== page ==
Date of Award


Document Type


Degree Name

Master of Science (MS)



First Advisor

Willem R. Leenstra

Second Advisor

John M. Hughes


Measurement and mapping of the pressure distribution across the surface of a suitably scaled model is an integral step in the design of any aircraft or automobile. For this purpose, the traditional workhorses of the aeronautic and automotive industries have been pressure taps--small orifices that contain electronic pressure transducers. Unfortunately, in addition to the limited spatial resolution achievable with such devices, their technical complexity and cost constitute serious disadvantages. For more than 35 years, researchers have pursued a fundamentally different alternative: indirect measurement of pressure via oxygen-induced quenching of the luminescence emitted by certain chemical species. Porphyrin complexes of dipositive palladium and especially platinum have emerged as one of the principal classes of oxygen-sensitive luminophores; ruthenium(II) polypyridyl complexes comprise another. Various other metals also form luminescent coordination complexes that are susceptible to quenching by O2, however, and these too have contributed to the diversity of luminophores that are now available for incorporation into pressure-sensitive paints and related films and coatings.

After treating the photophysics of luminescence quenching by molecular oxygen and quantitative descriptions of this phenomenon in the ideal case and in heterogeneous media, the thesis presents a comprehensive survey of the chemical literature on oxygen-sensitive luminophores. Efforts to prepare and characterize a novel porphyrin-pillared mixed zirconium phosphonate are then detailed. Following complexation of Pt(II) ions by the porphyrin moieties, this material is expected to display oxygen-sensitive luminescence and should ameliorate such difficulties as luminophore aggregation and matrix photodegradation that are associated with many existing pressure-responsive coatings. Its preparation necessitated preliminary formation of a porphyrin functionalized with two phenylphosphonic acid groups, which was obtained by synthesizing dipyrromethane and diethyl 4-formylphenylphosphonate and condensing these two precursors. The mixed phosphonate, a layered material assembled from ZrOCl2 · 8H2O, methylphosphonic acid, and the aforementioned porphyrin, was then prepared in refluxing HF. Solid-state 31P NMR spectra and powder X-ray diffraction patterns were acquired for the final product, its estimated interlayer spacing of 22.8 Å figuring prominently in analysis and discussion of the X-ray data.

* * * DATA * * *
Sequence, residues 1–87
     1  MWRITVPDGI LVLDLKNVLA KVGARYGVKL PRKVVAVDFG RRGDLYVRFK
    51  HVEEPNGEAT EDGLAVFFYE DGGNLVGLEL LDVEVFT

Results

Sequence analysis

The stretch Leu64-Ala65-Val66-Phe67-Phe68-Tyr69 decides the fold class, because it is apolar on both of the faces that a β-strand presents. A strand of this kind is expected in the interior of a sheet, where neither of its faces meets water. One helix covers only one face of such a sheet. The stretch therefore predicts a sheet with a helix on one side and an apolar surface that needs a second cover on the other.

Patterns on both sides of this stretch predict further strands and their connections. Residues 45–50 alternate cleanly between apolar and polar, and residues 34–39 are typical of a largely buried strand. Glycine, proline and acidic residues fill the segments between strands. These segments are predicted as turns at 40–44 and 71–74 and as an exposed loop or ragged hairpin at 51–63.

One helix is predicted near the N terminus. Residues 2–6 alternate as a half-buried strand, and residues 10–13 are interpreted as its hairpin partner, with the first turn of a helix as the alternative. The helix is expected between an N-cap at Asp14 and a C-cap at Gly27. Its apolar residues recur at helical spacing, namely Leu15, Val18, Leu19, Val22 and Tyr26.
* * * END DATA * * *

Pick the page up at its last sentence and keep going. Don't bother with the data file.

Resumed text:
Number of Pages

176 p.